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Time Machine to APFS: How efficient are backups?

When Time Machine backs up to HFS+ (TMH), it both uses the features of that file system to its advantage with directory hard links, and suffers from its limitations. The latter include lack of support for sparse files, and limiting copying to whole files rather than changed storage blocks. The result is that APFS sparse files have to be expanded to their full size, and APFS clones have to be expanded into whole files too, making HFS+ inefficient as a file system for hosting backups of APFS volumes. This article explores whether Time Machine backing up to APFS (TMA) is more efficient, as most of us suspect.

To test this, I created three files on an APFS volume being backed up to an APFS volume, under macOS 11.2.3. Two were sparse files, whose expanded size was 5 GB each, and the third was a duplicate of one of those. According to the Finder, each of those three files was 5 GB in size, but each actually occupied just a few KB on disk. Test files were created using Sparsity, and their status checked using Precize.

Following the next Time Machine backup to an APFS volume, the three test files were located in Time Machine and restored from there. Both the backups and the restored files appeared identical, with the same sparse file and shared data flags as the original files. I then examined log extracts for the Time Machine backup which made backup copies of the three test files.

Of the strategies available, Time Machine chose FSEvents to determine what needed to be backed up, as it normally does for Data volumes. Using that, TMA decided that 607 items totalling 110.1 MB had changed, not 10 or 15 GB. That process took approximately 0.8 seconds, and occurred before any comparison had been made between reference and stable snapshots, although both were mounted at the time.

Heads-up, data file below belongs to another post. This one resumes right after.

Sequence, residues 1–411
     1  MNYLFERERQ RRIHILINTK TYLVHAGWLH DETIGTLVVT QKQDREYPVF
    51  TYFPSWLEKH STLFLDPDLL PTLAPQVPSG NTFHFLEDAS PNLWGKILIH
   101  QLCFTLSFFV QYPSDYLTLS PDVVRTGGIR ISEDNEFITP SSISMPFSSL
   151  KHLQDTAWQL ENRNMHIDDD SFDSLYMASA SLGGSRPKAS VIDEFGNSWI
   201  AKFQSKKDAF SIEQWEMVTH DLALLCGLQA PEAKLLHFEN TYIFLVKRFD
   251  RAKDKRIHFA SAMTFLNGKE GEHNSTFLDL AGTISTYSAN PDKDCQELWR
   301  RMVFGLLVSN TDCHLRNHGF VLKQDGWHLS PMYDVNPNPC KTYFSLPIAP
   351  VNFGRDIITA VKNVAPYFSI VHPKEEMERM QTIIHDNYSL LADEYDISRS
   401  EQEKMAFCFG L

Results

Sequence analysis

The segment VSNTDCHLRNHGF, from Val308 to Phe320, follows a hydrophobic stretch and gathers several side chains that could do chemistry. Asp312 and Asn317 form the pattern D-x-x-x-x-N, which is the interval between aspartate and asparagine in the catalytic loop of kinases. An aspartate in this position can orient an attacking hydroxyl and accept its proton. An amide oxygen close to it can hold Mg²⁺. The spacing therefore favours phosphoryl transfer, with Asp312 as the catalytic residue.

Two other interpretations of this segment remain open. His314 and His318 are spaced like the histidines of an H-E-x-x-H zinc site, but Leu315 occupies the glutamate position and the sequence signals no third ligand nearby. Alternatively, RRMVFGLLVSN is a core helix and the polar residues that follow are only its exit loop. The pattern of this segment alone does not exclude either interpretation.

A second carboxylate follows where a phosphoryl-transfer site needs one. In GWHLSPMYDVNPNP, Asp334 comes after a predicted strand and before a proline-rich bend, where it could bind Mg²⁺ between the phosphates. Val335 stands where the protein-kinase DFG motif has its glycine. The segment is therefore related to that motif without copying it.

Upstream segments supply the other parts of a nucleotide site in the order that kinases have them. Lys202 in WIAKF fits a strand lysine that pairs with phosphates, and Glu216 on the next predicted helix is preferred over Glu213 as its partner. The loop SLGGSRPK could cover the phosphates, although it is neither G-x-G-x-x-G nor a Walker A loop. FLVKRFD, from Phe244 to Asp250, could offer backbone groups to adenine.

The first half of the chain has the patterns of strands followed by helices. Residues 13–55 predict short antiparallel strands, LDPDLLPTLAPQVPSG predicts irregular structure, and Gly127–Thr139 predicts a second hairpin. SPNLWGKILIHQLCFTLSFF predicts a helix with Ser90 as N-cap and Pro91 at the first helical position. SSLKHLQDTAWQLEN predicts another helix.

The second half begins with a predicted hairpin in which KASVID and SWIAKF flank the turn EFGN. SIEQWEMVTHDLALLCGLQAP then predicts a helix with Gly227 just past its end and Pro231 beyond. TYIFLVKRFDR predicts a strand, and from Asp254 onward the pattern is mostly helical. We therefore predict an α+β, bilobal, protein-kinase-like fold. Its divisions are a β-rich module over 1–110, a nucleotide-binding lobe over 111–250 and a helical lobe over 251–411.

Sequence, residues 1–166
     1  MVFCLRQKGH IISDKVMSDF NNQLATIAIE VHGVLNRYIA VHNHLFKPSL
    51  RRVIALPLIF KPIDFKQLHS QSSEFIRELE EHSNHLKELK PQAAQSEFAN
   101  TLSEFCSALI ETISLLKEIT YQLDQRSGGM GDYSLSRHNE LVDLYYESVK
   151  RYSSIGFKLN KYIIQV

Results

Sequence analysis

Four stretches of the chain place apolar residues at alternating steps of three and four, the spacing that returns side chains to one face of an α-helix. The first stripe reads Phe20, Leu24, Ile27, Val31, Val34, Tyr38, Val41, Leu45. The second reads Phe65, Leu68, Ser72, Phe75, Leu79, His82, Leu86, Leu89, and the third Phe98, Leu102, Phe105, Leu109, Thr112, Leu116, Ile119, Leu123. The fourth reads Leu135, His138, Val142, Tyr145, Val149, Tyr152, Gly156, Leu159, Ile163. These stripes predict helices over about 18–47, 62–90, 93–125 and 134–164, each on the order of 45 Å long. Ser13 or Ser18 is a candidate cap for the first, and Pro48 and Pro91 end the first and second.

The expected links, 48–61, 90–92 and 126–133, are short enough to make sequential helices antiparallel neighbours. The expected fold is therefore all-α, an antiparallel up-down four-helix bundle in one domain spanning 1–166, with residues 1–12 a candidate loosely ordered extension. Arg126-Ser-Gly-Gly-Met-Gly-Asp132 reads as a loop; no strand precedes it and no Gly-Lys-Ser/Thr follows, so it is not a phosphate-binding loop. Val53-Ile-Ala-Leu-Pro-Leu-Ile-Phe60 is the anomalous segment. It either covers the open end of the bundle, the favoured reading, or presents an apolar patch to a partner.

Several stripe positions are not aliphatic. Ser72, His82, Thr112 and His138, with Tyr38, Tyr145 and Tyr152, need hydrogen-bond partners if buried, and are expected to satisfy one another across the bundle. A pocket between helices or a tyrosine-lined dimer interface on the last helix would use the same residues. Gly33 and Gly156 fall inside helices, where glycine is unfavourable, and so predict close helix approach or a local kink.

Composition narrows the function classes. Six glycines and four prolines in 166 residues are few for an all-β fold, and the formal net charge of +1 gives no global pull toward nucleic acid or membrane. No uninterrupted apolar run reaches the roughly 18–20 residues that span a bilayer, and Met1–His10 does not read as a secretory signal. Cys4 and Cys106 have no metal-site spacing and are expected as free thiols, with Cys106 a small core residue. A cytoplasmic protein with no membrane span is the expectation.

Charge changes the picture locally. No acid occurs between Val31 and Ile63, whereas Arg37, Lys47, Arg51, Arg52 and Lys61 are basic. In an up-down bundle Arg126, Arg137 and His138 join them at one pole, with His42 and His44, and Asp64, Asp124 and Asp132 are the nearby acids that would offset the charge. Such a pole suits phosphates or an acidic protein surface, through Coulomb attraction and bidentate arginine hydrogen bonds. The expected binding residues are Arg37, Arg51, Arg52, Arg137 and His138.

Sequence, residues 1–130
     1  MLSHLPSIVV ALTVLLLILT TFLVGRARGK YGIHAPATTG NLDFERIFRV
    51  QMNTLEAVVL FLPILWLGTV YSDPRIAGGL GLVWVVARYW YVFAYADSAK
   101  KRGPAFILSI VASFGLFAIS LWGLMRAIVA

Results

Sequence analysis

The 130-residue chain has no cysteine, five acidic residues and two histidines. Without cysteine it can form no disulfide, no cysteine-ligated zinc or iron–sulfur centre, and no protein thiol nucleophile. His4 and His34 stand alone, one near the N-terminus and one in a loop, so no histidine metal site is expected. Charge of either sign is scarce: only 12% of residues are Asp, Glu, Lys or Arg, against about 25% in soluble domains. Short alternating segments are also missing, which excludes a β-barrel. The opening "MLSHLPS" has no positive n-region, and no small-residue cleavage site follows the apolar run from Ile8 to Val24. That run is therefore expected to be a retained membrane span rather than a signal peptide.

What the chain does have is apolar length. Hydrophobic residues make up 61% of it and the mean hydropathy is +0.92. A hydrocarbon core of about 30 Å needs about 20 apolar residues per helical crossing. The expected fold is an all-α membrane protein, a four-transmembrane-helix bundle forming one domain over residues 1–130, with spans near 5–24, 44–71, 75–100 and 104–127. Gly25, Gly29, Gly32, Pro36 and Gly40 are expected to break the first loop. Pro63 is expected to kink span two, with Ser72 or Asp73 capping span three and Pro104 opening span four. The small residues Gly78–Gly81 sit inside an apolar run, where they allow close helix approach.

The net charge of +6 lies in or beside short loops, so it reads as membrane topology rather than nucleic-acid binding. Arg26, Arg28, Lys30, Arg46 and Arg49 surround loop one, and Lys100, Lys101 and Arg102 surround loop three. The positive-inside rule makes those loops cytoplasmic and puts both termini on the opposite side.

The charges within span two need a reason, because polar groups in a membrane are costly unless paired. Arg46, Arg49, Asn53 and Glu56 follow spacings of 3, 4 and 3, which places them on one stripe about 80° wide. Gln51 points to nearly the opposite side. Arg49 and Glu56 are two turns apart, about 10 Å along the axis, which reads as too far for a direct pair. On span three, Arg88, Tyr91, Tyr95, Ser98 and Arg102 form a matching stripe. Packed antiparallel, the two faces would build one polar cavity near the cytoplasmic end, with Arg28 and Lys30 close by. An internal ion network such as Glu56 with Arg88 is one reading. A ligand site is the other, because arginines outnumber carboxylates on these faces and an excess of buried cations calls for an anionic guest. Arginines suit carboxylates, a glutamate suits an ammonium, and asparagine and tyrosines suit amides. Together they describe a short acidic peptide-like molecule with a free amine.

Copying the files to the backup took just over 0.8 seconds, at the end of which Time Machine gave the following information about that backup:
48.480 Finished copying from volume "Data"
563 Total Items Added (l: 15.09 GB p: 98.7 MB)
2810 Total Items Propagated (shallow) (l: Zero KB p: Zero KB)
1020960 Total Items Propagated (recursive) (l: 150.27 GB p: 132.98 GB)
1021523 Total Items in Backup (l: 165.36 GB p: 133.08 GB)
156 Files Copied (l: 10.04 GB p: 48.2 MB)
6 Files Delta Copied (l: 47.9 MB p: 49.2 MB)
16 Files Cloned (l: 5 GB p: 1.4 MB)
162 Symlinks Copied (l: 4 KB p: Zero KB)
1194 Directories Move Skipped (l: Zero KB p: Zero KB) | 1019344 items propagated (l: 135.45 GB p: 118.11 GB)
1616 Files Move Skipped (l: Zero KB p: Zero KB) | 1616 items propagated (l: 14.81 GB p: 14.87 GB)
223 Directories Copied (l: Zero KB p: Zero KB)
48.480 Reference Snapshot comparisons: Mtch:2922
48.480 Baseline comparisons: Mtch:2922,MdDte:158

Of particular interest here are two lines. The total sizes given for Files Copied gives both the total expanded sizes of the two ‘original’ sparse files (l: 10.04 GB), and a much smaller size as p: 48.2 MB. The total sizes given for Files Cloned gives the expanded size of the clone-copy (l: 5 GB) and a much smaller size of p: 1.4 MB. The previous backup, which didn’t contain the test files, had l and p values for those two items near-equal.

It’s therefore likely that the Files Copied item includes all files which are copied to the backup, excluding clones, with its l value reflecting the total expanded size, and the p value the size actually copied and space taken on the backup volume. Similarly for the Files Cloned item, for APFS clone files.

The overall result of that backup was given as:
49.969 TimeMach Backup result: {
BackupStrategy = 2;
BlocksToCopy = 26889;
BytesToCopy = 110137344;
FreeBytes = 509477478400;
PaddedBytesRequired = 1160020196;
Percent = "0.5661050987392614";
TimeRemaining = 7;
"_raw_Percent" = "0.5661050987392614";
"_raw_totalBytes" = 110137344;
bytes = 62349312;
"com.apple.backupd.SnapshotTotalBytesCopied" = 62349312;
files = 541;
totalBytes = 110137344;
totalFiles = 607;
}

Figures in that set of results refer to the actual sizes copied, with sparse files in sparse format, and clones only requiring the space of changed storage blocks.

This confirms that TMA is as efficient as possible in both the copying and storage of APFS sparse files and clones. This is far superior to TMH, which would of course have had to copy across almost 15 GB extra data, and required a total of 15 GB space in the backups for these three files. With sparse files and clones being relatively common in APFS volumes, the efficiency of TMA can make a big difference to the time taken to make backups, and use of storage space on the backup volume.

If you’re using Time Machine in Big Sur and are still backing up to HFS+, you might wish to reconsider that decision.